Thursday is thrust into being a JurisFiction agent just as Bookworld is about to announce it’s exciting new program, UltraWord, that is supposed to solve the big problem of zero original plots and take reading fiction to amazing new heights. There’s also a killer on the loose in Bookworld and it looks as if Thursday is next. Thursday has to learn the ins and outs of living in a fictional universe, deal with rage counseling sessions for the characters of Wuthering Heights, try to uncover what’s not quite right about UltraWord, try not to forget her nonexistant husband, and so much more. It’s action and plot-packed, baby.
 
I’m really enjoying this series, and I can’t wait to see where else it goes. Reading about Bookworld totally messes with my mind – even though I read a lot of fantasy, nothing makes my mind attempt to think abstract thoughts like this book. It’s brain exercise to imagine this whole world WITHIN books, to imagine literal seas of text and the idea of characters having their own lives as basically actors within a book that have the power to actually change their books (though it’s illegal). Like really… what if authors didn’t really create or write anything, it was all the characters in Bookworld controlling everything? Part of me is really curious and would really like to see someone attempt to put these books on the big screen. How do you show characters in book selling plot devices and jumping in and out of books? It’s madness, I tell you, madness.

Also, this week I had a Bookworld-esque dream. I dreamt I was driving down a really long road, and there was buildings on either side. (Oh, and my sister Heather and her husband Matt were in my car with me, I don’t know why.) And then the buildings went away and it was different books and bookshelves on either side of the road. Then the land on the side of the road turned into water, and there was just huge amounts of books, bookshelves, and other furniture floating in the water next to the road, and then all of the sudden I noticed the road just went right into the water and I was going too fast, and we almost drowned. And I woke up. Damn weird abstract dreams.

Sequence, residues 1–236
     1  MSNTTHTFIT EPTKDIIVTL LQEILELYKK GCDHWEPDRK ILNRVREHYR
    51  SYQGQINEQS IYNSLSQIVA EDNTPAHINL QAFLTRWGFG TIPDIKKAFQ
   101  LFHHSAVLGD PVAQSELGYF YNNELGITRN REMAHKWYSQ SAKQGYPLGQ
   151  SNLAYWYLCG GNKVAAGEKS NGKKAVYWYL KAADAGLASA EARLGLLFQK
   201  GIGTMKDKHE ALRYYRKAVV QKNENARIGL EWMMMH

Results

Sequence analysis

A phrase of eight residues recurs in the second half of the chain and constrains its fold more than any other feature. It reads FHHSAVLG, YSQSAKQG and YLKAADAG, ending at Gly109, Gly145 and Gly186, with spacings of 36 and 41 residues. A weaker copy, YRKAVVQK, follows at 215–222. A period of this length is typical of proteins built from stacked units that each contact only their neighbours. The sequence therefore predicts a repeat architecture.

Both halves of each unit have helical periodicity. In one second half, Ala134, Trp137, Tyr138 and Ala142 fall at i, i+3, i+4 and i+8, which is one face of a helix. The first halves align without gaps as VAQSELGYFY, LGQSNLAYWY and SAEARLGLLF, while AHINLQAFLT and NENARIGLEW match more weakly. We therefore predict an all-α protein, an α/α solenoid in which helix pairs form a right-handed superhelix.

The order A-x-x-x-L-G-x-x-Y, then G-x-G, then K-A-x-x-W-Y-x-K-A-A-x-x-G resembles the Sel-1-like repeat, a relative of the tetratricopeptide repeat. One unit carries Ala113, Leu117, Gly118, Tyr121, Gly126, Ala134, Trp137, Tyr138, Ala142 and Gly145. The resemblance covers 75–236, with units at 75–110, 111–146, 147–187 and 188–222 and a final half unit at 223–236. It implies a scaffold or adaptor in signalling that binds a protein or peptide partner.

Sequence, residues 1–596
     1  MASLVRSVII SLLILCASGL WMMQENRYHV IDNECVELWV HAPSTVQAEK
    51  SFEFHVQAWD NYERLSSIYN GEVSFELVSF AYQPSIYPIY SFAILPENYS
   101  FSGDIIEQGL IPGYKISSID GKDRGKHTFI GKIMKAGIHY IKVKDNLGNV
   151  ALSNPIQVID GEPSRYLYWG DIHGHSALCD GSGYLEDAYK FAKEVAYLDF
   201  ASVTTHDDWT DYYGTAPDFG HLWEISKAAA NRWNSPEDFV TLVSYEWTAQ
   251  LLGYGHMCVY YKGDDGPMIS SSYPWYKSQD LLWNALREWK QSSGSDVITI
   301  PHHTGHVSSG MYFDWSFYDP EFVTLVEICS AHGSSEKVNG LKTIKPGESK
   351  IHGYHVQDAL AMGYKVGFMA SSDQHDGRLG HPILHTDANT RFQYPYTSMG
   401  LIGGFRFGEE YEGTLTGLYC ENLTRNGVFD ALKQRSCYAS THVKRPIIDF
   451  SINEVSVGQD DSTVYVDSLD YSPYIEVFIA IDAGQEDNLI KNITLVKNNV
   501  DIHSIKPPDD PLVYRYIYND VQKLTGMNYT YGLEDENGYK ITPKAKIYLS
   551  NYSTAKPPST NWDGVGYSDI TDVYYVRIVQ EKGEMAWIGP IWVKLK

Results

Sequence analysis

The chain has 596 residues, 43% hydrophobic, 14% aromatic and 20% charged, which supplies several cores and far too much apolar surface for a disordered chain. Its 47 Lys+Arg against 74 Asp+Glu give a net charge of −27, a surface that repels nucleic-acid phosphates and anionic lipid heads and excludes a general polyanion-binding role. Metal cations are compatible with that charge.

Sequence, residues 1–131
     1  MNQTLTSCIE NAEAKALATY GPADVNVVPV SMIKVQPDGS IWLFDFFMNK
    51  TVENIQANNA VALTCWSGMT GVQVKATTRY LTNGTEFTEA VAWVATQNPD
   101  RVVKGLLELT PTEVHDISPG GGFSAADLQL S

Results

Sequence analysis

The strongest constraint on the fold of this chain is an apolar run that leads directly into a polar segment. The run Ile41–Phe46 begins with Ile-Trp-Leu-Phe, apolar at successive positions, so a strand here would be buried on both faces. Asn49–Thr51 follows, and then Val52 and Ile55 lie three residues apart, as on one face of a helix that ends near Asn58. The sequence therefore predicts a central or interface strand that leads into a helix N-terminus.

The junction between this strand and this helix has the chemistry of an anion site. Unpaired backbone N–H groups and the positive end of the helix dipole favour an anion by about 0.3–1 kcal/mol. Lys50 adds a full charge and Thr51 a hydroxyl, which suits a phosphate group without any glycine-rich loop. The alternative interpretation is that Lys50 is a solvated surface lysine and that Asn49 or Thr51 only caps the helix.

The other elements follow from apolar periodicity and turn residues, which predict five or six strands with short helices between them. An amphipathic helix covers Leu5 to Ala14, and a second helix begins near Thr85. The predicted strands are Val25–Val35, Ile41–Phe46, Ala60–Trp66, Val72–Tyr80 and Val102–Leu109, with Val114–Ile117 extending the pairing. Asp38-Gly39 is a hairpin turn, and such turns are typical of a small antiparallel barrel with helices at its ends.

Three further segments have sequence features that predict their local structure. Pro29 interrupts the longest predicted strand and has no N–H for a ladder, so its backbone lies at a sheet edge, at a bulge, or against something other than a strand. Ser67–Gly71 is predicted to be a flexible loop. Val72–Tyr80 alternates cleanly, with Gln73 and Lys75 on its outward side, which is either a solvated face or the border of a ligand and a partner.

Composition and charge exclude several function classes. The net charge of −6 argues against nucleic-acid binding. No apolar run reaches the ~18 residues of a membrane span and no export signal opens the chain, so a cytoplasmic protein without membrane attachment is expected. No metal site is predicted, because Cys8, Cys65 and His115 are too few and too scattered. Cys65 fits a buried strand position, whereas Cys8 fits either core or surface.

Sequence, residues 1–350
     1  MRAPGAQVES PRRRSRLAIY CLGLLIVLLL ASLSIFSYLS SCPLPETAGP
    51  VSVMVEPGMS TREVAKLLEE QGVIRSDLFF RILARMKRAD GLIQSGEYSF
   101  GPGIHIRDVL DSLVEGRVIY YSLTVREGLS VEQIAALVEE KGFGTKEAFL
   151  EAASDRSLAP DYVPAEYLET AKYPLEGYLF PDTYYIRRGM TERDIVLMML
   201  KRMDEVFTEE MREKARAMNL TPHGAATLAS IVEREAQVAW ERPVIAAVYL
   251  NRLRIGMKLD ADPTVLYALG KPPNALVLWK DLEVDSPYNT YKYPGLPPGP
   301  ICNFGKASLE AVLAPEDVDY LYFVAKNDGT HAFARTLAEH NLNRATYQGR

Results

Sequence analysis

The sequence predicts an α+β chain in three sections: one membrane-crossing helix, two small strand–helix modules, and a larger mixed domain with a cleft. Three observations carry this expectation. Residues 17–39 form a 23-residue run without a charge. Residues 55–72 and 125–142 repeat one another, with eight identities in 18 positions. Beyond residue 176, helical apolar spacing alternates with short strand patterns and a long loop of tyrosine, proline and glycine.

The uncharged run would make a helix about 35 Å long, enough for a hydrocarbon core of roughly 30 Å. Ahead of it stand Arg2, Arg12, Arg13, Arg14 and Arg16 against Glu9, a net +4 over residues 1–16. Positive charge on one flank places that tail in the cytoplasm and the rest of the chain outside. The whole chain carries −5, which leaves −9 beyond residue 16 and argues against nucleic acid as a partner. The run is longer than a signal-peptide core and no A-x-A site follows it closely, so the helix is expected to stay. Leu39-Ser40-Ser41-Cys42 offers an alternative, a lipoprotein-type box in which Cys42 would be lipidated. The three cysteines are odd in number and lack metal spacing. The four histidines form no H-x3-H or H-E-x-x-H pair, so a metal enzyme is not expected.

Anyways, I’m not making much sense here (bear with me, I’m typing this at 2 am on very little sleep), but overall this was a fun, enjoyable read. I love reading a novel that is about novels! I like Thursday, I loved seeing so much of Bookworld, and a whole bunch of favorite characters and books were sprinkled in. The only drawback is that one of my favorite characters is sadly one of the killer’s victims, and that sucks a ton. I’m already looking forward to the fourth book, Something Rotten.
 
Sarah Says: 4 stars

Lost in a Good Book by Jasper Fforde

So just a quick warning – this is the 2nd Thursday Next book, so if you haven’t read The Eyre Affair (click for my review) this might be a little bit spoiler-y.

Now if you did click above for my review of The Eyre Affair, you’ll see that I gave it 4 stars. In hindsight, I probably should have given it 3 or 3.5 stars. I found the first book a little jarring, and didn’t connect as much with Thursday Next as I could of. I actually liked Hades, the bad guy, the most in the first book.